Topic: Will Domestic Production Solve U.S. Medical Supply Woes?
Having the entire stock of U.S. medical supplies manufactured in the U.S. isn’t really feasible, speakers on a panel said Tuesday.
After studying the matter, “We concluded that wholesale government-mandated reshoring is really the wrong approach,” Meredith Broadbent, MBA, senior adviser at the Center for Strategic and International Studies (CSIS), said at the event, sponsored by the National Press Foundation and funded by the Hinrich Foundation.
“OECD [Organisation for Economic Co-operation and Development] models indicate that wholesale reshoring would not improve resiliency or efficiency of supply, largely due to a lack of diversification and an inability to tap into global networks of suppliers and producers,” Broadbent said.
Willy Shih, PhD, professor of management practice in business administration at Harvard Business School in Boston, gave one example why the supply chain can be complicated. For example, rare earth metals are now mined in Mountain Pass, California, “but the ore has to go to China for processing,” said Shih. “One of the things I think you will find if you probe congressional staff offices in Washington is there is a general lack of understanding of the detail of how these things are actually structured.”
A recent CSIS report — funded by drugmakers Pfizer and Gilead and by the U.S. Chamber of Commerce — called for the U.S. to develop a policy “centered around diversification within a network of trusted supplier companies who would cooperate with the U.S. in order to bolster and guarantee a steady supply of essential medical products for future public health crises.”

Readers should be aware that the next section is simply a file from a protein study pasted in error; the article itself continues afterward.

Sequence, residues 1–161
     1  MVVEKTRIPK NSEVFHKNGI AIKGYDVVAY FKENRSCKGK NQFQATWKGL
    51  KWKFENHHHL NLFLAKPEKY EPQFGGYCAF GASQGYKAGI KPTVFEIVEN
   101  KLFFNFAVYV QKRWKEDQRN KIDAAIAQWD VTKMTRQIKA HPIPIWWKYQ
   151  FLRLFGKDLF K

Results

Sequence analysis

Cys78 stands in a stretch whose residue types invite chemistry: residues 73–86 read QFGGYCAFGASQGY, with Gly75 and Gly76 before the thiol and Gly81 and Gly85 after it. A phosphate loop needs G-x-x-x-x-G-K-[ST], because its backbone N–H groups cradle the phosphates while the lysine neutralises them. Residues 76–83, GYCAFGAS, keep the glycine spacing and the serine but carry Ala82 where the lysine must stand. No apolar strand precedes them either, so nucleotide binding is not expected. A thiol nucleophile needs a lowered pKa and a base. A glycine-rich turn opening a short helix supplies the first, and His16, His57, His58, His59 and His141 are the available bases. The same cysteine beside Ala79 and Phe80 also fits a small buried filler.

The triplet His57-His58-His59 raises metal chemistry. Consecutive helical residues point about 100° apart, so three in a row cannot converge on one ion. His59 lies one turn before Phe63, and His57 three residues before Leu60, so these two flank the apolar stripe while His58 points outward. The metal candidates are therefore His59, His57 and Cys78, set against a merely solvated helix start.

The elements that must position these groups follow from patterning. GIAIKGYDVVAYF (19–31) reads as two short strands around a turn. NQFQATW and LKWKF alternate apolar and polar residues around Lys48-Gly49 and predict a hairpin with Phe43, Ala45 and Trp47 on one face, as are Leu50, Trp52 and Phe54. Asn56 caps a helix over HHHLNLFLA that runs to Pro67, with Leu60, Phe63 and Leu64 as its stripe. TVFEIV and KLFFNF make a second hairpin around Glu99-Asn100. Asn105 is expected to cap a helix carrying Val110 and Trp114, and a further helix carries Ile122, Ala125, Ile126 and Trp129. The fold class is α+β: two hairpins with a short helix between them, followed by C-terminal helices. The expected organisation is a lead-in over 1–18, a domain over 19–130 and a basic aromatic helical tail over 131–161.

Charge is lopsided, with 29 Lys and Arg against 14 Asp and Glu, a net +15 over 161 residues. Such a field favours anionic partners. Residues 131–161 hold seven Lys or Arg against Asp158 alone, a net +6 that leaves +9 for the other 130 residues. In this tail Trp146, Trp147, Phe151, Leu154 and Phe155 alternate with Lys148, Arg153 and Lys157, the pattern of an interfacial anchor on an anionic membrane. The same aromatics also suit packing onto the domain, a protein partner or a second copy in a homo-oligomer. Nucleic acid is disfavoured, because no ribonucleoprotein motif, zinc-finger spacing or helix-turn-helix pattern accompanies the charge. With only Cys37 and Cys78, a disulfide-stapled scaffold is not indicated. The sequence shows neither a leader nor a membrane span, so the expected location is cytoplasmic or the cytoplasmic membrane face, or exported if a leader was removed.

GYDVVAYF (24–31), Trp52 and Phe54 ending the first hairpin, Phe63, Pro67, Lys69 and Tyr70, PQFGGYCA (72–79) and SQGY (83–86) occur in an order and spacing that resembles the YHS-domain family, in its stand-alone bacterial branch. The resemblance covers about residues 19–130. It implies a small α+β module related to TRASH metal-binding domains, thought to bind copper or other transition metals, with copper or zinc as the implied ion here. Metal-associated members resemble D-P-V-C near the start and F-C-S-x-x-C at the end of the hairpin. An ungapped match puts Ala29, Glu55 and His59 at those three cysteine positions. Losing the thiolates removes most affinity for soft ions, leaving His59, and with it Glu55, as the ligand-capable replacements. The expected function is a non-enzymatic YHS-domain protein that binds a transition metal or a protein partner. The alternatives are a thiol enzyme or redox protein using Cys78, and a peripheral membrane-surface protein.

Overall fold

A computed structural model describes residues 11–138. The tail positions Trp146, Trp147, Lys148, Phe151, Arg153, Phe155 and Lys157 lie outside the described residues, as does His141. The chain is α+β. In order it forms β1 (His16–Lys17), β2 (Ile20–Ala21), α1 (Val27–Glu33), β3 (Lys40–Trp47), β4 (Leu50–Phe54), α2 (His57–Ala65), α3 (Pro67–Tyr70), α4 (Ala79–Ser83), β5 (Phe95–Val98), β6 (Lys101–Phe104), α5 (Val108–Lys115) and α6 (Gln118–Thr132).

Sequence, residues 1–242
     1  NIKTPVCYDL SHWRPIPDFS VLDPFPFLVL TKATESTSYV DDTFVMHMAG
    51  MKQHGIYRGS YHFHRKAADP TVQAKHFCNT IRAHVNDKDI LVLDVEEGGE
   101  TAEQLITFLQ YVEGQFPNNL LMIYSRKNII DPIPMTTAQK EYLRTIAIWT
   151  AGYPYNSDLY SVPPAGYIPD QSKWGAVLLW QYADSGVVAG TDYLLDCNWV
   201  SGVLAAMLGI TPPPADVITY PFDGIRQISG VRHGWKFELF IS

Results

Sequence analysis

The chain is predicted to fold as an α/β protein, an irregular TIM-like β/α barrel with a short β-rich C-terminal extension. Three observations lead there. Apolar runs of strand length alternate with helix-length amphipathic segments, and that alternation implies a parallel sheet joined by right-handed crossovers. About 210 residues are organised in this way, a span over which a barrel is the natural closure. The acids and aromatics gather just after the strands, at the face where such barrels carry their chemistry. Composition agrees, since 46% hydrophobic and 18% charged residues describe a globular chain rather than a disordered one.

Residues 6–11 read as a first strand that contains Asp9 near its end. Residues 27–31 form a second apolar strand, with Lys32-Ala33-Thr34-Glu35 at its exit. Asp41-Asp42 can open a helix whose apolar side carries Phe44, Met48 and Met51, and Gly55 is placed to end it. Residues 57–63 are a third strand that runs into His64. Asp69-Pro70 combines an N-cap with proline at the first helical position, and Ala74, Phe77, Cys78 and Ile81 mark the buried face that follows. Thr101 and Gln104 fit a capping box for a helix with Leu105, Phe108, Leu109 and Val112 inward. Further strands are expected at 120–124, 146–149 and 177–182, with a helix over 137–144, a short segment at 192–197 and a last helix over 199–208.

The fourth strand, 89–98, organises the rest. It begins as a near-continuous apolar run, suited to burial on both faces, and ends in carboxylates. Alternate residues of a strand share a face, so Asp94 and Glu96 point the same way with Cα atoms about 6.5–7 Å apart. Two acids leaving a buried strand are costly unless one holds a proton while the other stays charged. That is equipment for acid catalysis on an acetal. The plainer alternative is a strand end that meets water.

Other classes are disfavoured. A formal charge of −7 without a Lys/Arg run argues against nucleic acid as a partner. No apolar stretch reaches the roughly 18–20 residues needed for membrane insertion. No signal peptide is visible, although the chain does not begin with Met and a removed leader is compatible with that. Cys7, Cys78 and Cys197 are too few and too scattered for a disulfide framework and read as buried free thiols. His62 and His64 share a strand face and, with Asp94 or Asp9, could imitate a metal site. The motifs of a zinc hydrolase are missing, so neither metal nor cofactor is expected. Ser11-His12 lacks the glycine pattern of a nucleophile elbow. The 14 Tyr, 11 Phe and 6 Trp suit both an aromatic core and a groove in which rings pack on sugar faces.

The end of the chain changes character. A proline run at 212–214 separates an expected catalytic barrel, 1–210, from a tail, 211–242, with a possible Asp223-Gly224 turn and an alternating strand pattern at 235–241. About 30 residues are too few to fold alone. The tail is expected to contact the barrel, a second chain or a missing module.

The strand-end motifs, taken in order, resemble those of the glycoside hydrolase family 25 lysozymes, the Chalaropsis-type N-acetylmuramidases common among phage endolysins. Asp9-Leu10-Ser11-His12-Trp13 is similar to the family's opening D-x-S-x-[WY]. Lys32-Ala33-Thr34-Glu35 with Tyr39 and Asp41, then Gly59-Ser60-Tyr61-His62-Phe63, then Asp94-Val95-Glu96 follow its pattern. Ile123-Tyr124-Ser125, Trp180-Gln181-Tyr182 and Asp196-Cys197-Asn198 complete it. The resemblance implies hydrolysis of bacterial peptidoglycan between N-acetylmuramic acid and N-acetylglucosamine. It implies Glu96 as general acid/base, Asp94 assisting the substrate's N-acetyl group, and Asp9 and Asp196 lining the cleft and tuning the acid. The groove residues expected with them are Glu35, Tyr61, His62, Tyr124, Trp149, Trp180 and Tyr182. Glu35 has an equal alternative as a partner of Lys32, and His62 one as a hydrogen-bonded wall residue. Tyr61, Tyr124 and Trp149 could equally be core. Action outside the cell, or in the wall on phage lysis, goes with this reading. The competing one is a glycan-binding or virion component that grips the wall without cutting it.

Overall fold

“A ‘trusted partner’ network would offer member countries enhanced commercial ties; reciprocal reduction of trade barriers, investment, and other regulatory barriers; and a commitment of support from other trusted partner countries, especially during public health crises,” Broadbent said. “Eligibility criteria for trusted partner status could include commitments to safety and efficacy of medical products, IP [intellectual property] protection, and free data flows.”
Fiona Miller, PhD, director of the Centre for Sustainable Health Systems at the University of Toronto, said when it comes to supply chains, “we’re dealing with a very old problem; COVID-19 made it very difficult for us to ignore longstanding problems and has made some of them more acute.” Even though the problems aren’t new, some of the solutions are, she added.
Critical healthcare supplies could be interrupted in several ways, she said. Products may not be manufactured, such as in 2017 when hurricanes in Puerto Rico caused Baxter to stop making sterile saline for the U.S. market, “or you may have limited numbers of manufacturers, so that when one goes down or one goes out of business you have a critical shortage — that’s what happened with propofol about 10 years ago, which is a critical input into anesthetic practices,” said Miller.
Or raw materials could be lacking, she said. This has happened a lot during the pandemic — for instance, the non-woven variety of polypropylene needed for masks and respirators; “we don’t even have the machines to make that material,” Miller said. “These can all mean the products can’t be made in sufficient supply.”
Topic Discussed: Will Domestic Production Solve U.S. Medical Supply Woes?